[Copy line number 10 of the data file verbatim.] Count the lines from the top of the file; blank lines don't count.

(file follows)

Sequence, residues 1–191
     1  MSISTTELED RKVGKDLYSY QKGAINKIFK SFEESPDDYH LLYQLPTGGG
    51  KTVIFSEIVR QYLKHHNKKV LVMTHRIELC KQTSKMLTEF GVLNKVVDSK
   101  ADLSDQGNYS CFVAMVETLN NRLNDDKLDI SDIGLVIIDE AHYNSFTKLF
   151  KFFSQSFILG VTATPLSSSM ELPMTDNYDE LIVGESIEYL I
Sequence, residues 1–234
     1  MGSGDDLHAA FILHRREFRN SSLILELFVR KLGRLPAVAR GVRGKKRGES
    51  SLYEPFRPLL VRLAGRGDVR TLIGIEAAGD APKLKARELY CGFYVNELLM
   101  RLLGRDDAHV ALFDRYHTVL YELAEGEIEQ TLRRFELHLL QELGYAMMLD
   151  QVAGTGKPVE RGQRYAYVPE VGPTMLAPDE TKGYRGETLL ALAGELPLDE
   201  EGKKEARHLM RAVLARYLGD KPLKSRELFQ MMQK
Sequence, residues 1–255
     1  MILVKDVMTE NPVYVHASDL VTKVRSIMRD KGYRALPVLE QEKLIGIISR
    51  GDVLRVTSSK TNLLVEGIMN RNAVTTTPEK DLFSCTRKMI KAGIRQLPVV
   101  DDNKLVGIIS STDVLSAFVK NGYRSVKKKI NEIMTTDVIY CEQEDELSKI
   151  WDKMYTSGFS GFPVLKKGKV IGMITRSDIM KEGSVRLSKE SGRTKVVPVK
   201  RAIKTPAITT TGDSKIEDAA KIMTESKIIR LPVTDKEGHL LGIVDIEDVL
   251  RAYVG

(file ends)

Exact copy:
   151  QVAGTGKPVE RGQRYAYVPE VGPTMLAPDE TKGYRGETLL ALAGELPLDE